Session 3-C

Security II

9:00 AM — 10:30 AM EDT
Jul 8 Wed, 9:00 AM — 10:30 AM EDT

BLESS: A BLE Application Security Scanning Framework

Yue Zhang and Jian Weng (Jinan University, China); Zhen Ling (Southeast University, China); Bryan Pearson and Xinwen Fu (University of Central Florida, USA)

Bluetooth Low Energy is a widely adopted wireless communication technology in the Internet of Things (IoT). BLE offers secure communication through a set of pairing strategies. However, these pairing strategies are obsolete in the context of IoT: the security of BLE based devices relies on physical security since a BLE enabled IoT device may be deployed in a public environment without supervision. Physical security cannot be fulfilled. In this case, attackers who can physically access a BLE-based device have full control of it. Therefore, manufacturers may implement extra authentication mechanisms to counter this issue. We observed that using nonces and cryptographic keys are critical to BLE application security. In this paper, we then design and implement a BLE Security Scan (BLESS) framework by using taint analysis technology. We scan 1073 BLE apps and find that 93% of them are not secure. To mitigate this problem, we propose and implement an application-level defense on a low-cost $0.55 crypto co-processor using public-key cryptography.

Exposing the Fingerprint: Dissecting the Impact of the Wireless Channel on Radio Fingerprinting

Amani Al-Shawabka, Francesco Restuccia, Salvatore D'Oro, Tong Jian, Bruno Costa Rendon, Nasim Soltani, Jennifer Dy, Stratis Ioannidis, Kaushik Chowdhury and Tommaso Melodia (Northeastern University, USA)

It is widely acknowledged that the Internet of Things (IoT) will bring unprecedented levels of stress to existing wireless protocols and architectures.~Critically, deep learning-based radio fingerprinting has been recently heralded as an effective technique to uniquely identify devices by leveraging tiny, hardware-based, imperfections that are inevitably present in the radio circuitry. This way, devices can be identified directly at the physical layer and without the need of energy-expensive cryptography.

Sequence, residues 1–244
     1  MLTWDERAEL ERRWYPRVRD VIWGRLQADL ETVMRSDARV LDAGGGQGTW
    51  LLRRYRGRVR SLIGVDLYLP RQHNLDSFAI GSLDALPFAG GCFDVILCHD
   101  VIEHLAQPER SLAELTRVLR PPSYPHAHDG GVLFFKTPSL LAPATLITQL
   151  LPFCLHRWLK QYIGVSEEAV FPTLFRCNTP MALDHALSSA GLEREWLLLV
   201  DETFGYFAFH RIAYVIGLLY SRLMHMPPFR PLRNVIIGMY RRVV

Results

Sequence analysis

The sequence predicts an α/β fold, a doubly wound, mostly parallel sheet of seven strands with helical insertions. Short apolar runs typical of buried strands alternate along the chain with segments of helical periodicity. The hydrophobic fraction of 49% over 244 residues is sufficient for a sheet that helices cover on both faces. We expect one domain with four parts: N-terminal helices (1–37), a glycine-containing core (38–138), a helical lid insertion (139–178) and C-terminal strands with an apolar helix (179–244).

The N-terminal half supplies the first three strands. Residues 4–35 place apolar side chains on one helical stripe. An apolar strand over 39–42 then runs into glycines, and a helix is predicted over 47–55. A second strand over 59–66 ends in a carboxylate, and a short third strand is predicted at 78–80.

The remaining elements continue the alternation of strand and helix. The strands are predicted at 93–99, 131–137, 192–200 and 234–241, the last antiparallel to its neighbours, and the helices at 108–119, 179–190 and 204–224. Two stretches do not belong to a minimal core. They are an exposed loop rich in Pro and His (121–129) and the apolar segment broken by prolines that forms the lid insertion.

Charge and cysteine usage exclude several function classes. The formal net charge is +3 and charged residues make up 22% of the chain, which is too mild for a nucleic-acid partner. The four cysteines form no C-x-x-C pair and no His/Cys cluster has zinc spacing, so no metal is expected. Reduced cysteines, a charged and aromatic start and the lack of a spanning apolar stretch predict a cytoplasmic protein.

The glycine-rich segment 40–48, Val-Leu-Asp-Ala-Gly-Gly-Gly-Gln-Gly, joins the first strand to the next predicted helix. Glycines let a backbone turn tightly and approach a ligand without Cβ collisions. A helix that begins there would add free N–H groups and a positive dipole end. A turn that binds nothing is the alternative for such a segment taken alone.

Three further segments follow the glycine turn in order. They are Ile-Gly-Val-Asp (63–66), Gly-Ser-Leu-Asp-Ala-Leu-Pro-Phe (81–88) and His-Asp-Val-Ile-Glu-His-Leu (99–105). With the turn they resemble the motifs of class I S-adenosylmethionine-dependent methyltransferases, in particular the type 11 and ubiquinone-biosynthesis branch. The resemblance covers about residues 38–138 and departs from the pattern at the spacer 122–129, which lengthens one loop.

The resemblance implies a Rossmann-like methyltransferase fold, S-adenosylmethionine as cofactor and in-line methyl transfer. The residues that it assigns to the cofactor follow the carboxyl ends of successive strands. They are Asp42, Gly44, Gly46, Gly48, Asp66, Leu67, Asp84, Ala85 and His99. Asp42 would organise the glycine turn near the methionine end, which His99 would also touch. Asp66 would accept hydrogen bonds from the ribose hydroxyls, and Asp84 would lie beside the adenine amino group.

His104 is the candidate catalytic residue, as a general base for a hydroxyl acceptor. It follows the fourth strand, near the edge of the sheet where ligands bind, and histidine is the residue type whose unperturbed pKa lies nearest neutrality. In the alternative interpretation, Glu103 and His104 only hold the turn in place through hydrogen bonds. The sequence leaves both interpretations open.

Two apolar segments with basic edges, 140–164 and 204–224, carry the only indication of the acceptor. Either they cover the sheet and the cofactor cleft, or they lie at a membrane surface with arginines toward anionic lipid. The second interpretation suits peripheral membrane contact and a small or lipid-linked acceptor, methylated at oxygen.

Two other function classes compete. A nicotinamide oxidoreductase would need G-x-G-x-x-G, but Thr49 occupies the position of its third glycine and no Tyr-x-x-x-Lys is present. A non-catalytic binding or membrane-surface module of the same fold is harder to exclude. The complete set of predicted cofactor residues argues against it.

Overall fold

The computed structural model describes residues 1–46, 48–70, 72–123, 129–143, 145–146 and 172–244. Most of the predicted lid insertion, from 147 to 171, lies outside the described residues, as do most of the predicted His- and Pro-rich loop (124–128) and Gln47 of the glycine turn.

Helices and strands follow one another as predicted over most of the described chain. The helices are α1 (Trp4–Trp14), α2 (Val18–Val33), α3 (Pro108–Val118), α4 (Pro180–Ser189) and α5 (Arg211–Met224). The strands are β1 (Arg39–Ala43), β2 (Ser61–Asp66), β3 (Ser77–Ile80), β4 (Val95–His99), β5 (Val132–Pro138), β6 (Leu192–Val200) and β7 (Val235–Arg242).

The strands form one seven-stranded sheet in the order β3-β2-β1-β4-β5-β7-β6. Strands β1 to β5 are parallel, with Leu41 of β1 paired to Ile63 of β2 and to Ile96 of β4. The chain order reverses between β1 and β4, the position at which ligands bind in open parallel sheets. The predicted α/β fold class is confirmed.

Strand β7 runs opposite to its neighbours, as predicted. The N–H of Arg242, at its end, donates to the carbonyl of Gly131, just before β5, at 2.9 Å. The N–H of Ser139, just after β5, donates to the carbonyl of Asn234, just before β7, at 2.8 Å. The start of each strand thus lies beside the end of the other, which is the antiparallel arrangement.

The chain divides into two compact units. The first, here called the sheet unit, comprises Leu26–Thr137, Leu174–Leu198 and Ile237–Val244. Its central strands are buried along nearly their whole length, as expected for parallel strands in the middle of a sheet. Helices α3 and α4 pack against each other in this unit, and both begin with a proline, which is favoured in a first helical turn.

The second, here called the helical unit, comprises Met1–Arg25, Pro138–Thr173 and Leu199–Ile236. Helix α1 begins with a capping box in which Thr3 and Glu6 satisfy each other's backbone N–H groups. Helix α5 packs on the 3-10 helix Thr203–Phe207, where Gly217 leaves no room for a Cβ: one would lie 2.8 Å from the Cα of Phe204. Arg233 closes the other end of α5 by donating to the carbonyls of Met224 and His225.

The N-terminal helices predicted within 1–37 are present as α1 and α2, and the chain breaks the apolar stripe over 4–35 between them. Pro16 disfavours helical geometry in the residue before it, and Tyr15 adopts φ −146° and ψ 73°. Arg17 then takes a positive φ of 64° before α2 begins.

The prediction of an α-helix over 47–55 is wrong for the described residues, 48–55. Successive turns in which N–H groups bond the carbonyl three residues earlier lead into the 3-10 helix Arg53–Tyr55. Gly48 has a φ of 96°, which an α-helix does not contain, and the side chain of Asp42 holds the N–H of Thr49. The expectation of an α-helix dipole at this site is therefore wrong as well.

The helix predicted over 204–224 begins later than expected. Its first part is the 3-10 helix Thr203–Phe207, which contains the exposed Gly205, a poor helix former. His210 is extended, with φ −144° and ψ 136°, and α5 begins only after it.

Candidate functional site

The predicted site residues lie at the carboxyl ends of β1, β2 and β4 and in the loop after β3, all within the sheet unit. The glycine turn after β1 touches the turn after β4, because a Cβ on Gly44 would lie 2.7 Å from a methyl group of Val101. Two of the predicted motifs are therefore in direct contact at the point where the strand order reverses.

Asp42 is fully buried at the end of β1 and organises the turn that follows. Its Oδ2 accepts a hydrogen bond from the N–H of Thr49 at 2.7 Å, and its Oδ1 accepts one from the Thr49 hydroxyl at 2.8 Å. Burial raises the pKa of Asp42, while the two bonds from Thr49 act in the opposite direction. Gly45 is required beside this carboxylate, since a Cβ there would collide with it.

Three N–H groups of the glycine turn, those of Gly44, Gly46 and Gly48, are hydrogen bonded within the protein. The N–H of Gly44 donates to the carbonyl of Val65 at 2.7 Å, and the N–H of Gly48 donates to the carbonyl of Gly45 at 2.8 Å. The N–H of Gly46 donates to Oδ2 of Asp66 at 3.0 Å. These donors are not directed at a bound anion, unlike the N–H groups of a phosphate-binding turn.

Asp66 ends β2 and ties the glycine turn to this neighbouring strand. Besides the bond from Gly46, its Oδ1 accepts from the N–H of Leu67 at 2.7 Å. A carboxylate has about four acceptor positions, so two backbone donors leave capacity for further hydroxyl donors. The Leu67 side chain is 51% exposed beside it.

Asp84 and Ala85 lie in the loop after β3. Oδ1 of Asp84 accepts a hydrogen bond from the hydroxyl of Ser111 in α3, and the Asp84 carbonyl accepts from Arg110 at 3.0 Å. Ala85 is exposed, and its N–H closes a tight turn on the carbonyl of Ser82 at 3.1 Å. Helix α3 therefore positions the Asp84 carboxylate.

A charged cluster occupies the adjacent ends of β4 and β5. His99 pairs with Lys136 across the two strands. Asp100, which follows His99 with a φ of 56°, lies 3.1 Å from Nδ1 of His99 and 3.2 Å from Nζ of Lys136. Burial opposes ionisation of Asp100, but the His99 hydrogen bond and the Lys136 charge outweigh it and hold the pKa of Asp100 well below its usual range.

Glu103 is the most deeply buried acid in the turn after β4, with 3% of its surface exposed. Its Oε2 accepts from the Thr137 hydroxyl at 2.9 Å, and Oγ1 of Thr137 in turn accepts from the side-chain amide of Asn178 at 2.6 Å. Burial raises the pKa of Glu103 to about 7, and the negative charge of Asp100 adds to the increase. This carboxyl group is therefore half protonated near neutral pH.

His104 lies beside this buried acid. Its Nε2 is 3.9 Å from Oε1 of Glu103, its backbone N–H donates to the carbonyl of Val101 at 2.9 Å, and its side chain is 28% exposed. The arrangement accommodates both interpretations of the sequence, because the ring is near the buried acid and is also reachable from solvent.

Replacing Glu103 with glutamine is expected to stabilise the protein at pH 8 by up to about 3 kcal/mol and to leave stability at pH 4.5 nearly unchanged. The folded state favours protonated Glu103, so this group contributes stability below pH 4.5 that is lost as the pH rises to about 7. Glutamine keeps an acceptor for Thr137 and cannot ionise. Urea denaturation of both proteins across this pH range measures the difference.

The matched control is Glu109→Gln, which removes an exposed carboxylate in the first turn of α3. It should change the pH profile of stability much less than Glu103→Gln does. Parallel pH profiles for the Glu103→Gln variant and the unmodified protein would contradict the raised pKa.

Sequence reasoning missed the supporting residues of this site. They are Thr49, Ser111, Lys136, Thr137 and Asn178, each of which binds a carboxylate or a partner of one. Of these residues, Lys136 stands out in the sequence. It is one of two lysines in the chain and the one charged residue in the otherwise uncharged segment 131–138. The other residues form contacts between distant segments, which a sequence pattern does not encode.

Learning Optimal Sniffer Channel Assignment for Small Cell Cognitive Radio Networks

Lixing Chen (University of Miami, USA); Zhuo Lu (University of South Florida, USA); Pan Zhou (Huazhong University of Science and Technology, China); Jie Xu (University of Miami, USA)

To cope with the exploding mobile traffic in the fifth generation cellular network, the dense deployment of small cells and cognitive radios are two key technologies that significantly increase the network capacity and improve the spectrum utilization efficiency. Despite the desirable features, small-cell cognitive radio networks (SCRNs) also face a higher risk of unauthorized spectrum access, which should not be overlooked. In this paper, we consider a passive monitoring system for SCRNs, which deploys sniffers for wireless traffic capture and network forensics, and study the optimal sniffer channel assignment (SCA) problem to maximize the monitoring performance. Unlike most existing SCA approaches that concentrate on user activity, we highlight the inherent error in wireless data capture (i.e. imperfect monitoring) due to the unreliable nature of wireless propagation, and propose an online-learning based algorithm called OSA (Online Sniffer-channel Assignment). OSA is a type of contextual combinatorial multi-armed bandit learning algorithm, which addresses key challenges in SCRN monitoring including the time-varying spectrum resource, imperfect monitoring, and uncertainty in network conditions. We theoretically prove that OSA has a sublinear learning regret bound and illustrate via simulations that OSA significantly outperforms benchmark solutions.

SpiderMon: Towards Using Cell Towers as Illuminating Sources for Keystroke Monitoring

Kang Ling, Yuntang Liu, Ke Sun, Wei Wang, Lei Xie and Qing Gu (Nanjing University, China)